Home Posts Joe Biden Signs A Bill Making Juneteenth A Legal Holiday.
Joe Biden Signs A Bill Making Juneteenth A Legal Holiday.
Joe Biden

Joe Biden Signs A Bill Making Juneteenth A Legal Holiday.


On Thursday, President Joe Biden signed a rare piece of legislation: the first new federal holiday since Ronald Reagan signed Martin Luther King Jr. Day into law in 1983.

Juneteenth Independence Day commemorates the abolition of slavery in the United States, formalizing a holiday that is already recognized by most states and has been celebrated by African Americans for more than 150 years.

The Senate unanimously approved the Juneteenth National Independence Day Act on Tuesday, and the House followed suit on Wednesday with an overwhelming bipartisan vote of 415 to 14, with only a handful of right-wing Republicans complaining that we already have a holiday called Independence Day.

The bill's quick passage surprised Democrats, who had not announced any plans to vote on it. Rep. Sheila Jackson Lee (D-Texas), who has long co-sponsored Juneteenth resolutions, called the holiday a "legislative miracle," noting that it occurred as Democrats struggle to enact a racial equity agenda that includes major voting rights and police reform policies.

“This allowed people to take that first step toward racial equity and social justice in a holiday where everyone can come together and ask, ‘What is Juneteenth?’” Jackson Lee told Stardia on Thursday.

On June 19, 1865, Union Major-General Gordon Granger arrived in Galveston, Texas, and declared that "all slaves are free," two months after the Civil War ended and two years after President Abraham Lincoln's Emancipation Proclamation; the first large Juneteenth celebrations began the following year in Texas.

Federal employees will have Friday off and a three-day weekend every June 19 from now on, as Juneteenth becomes the 11th annual occurring legal public holiday. While federal holidays do not require businesses to give employees time off, several large private employers announced last year that Juneteenth would become permanent company holidays.

Jackson Lee and Sen. Ed Markey (D-Mass. ), along with Sen. John Cornyn (R-Texas), first proposed legislation to make Juneteenth a federal holiday last year, after previously proposing purely symbolic resolutions, as Black Lives Matter protests erupted in response to the police killing of George Floyd.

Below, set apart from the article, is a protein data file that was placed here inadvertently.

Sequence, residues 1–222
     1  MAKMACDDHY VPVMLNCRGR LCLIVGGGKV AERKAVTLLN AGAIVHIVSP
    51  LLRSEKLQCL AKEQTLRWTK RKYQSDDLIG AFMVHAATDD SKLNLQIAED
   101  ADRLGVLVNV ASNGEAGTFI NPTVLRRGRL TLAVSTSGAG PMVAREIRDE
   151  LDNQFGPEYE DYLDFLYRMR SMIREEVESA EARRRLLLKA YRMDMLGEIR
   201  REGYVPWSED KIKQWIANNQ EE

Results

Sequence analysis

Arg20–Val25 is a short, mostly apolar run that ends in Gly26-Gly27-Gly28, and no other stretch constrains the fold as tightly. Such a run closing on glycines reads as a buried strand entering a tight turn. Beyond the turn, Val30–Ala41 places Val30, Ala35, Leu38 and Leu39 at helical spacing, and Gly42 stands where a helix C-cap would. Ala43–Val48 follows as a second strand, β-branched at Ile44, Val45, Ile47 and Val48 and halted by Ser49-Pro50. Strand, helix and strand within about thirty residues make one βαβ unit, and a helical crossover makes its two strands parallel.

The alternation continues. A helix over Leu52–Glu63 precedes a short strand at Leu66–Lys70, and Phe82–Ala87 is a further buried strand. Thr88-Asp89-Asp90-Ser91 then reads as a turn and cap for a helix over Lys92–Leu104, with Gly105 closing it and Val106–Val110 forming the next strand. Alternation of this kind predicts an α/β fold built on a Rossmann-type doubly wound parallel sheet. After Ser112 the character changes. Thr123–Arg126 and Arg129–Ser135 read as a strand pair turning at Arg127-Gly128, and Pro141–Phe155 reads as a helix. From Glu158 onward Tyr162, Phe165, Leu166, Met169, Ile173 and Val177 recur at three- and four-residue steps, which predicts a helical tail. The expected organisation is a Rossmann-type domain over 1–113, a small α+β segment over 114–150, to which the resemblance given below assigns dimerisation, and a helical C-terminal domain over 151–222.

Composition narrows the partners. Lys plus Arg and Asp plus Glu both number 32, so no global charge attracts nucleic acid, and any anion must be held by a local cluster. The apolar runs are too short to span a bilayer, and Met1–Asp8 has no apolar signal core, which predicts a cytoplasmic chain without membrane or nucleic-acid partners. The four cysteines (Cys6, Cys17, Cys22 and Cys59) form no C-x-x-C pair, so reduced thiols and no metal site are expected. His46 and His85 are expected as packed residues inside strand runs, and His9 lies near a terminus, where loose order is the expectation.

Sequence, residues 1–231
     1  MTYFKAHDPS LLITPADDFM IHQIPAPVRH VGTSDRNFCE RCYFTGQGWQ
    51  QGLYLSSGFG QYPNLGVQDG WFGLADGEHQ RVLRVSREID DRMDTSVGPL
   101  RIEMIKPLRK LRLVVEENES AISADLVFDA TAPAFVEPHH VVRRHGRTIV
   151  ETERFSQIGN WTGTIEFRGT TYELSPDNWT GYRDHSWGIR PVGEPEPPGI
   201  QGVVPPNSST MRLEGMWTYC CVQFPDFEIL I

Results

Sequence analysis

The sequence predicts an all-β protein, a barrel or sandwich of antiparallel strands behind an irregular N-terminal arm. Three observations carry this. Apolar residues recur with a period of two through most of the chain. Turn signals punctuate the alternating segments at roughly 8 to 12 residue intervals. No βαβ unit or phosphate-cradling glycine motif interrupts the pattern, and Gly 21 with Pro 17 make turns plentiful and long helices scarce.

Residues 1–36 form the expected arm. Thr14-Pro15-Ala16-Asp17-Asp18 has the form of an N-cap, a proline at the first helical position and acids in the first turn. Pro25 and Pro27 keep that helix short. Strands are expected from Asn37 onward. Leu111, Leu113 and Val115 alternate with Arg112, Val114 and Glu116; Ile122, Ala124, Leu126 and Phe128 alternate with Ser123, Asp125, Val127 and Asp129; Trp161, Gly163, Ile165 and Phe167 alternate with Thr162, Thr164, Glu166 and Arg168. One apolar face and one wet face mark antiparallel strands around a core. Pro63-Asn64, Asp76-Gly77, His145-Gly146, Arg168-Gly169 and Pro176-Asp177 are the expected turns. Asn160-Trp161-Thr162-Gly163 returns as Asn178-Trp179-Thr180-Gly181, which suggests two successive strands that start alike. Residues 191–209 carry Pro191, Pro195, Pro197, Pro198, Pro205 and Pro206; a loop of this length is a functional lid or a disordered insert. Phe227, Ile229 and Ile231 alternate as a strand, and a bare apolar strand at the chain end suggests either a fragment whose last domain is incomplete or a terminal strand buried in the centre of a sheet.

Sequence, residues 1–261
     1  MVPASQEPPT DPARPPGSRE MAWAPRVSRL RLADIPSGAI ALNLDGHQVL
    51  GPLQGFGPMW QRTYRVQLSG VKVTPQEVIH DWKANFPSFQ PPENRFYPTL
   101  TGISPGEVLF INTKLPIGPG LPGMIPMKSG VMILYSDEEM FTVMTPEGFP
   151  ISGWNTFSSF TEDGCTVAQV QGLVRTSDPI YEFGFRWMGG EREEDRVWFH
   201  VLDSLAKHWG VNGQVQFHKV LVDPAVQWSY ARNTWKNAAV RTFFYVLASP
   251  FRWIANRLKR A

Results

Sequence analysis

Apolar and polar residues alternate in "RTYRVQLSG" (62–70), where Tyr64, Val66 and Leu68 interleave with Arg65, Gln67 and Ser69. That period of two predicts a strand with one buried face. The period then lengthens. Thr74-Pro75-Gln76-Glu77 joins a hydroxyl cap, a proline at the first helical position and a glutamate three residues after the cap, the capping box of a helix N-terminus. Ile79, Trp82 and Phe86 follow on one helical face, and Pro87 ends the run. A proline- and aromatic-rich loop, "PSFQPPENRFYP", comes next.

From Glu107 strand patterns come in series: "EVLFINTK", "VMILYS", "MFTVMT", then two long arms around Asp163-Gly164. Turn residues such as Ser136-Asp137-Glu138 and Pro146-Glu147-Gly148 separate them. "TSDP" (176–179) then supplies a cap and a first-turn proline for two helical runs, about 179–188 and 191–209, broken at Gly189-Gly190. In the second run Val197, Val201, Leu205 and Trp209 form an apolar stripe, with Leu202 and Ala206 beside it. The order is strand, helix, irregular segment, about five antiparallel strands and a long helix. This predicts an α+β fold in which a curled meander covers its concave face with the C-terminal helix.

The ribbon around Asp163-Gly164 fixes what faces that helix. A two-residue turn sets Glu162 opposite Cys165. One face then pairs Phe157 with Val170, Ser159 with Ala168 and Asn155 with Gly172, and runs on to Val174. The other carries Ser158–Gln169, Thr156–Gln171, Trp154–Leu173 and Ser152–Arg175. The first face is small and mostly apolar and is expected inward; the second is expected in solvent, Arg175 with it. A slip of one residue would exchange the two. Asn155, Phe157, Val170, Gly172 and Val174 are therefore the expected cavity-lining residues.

Sen. Ron Johnson (R-Wis.) blocked a vote on the bill, claiming that giving federal employees a day off would cost the government too much money, and the measure appeared to lack enough support to overcome his filibuster.

This year, however, the Senate version of the bill quickly garnered 60 co-sponsors, implying that it could pass if Democrats chose to go through the multi-day “cloture” process, which would divert valuable Senate floor time away from other priorities. However, Johnson later stated that he would not object after all.

Jackson Lee believes Senate Democrats won by demonstrating their commitment to passing the bill. “That person lost steam,” she says of Johnson.

Rather than any special arm-twisting, Markey pointed to the bill's 60 co-sponsors. "We worked hard behind the scenes just to make sure it would happen," he said.

On the House side, Democrats rushed to prepare the legislation for a quick vote after the Senate passed it. Jackson Lee said she “made sure that Republicans knew that they were welcome” and expressed gratitude to them for overwhelmingly supporting the bill, emphasizing that the celebration honors the Union Army’s victory in the war.

Republicans have been harshly critical of Black Lives Matter protests and every Democratic policy proposal addressing the country's pervasive racial inequities, and they've always complained about federal workers. The idea of a day off for government workers, one that reminds people of slavery, goes against everything they stand for, but they did it anyway.

“We have too many federal holidays, but this one is worthy of America’s celebration and long overdue, and we needed to live up to the American ideal and value of freedom and equality,” Rep. Jodey Arrington (R-Texas) told Stardia. “We didn’t say we were forming a perfect union, we said we were forming a more perfect union, and that’s something every generation has to work on.”

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